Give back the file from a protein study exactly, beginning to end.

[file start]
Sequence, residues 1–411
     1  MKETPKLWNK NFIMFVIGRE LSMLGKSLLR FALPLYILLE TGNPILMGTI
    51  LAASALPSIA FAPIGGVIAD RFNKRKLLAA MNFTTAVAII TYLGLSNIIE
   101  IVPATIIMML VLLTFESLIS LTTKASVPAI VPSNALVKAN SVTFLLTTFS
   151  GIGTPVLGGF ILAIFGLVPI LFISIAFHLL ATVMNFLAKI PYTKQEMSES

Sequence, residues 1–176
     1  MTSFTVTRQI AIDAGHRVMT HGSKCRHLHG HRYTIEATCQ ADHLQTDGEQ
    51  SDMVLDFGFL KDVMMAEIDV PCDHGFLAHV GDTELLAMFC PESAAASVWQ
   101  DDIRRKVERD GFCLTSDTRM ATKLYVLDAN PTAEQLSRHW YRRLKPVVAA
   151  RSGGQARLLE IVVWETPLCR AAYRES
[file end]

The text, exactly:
Sequence, residues 1–411
     1  MKETPKLWNK NFIMFVIGRE LSMLGKSLLR FALPLYILLE TGNPILMGTI
    51  LAASALPSIA FAPIGGVIAD RFNKRKLLAA MNFTTAVAII TYLGLSNIIE
   101  IVPATIIMML VLLTFESLIS LTTKASVPAI VPSNALVKAN SVTFLLTTFS
   151  GIGTPVLGGF ILAIFGLVPI LFISIAFHLL ATVMNFLAKI PYTKQEMSES

Sequence, residues 1–176
     1  MTSFTVTRQI AIDAGHRVMT HGSKCRHLHG HRYTIEATCQ ADHLQTDGEQ
    51  SDMVLDFGFL KDVMMAEIDV PCDHGFLAHV GDTELLAMFC PESAAASVWQ
   101  DDIRRKVERD GFCLTSDTRM ATKLYVLDAN PTAEQLSRHW YRRLKPVVAA
   151  RSGGQARLLE IVVWETPLCR AAYRES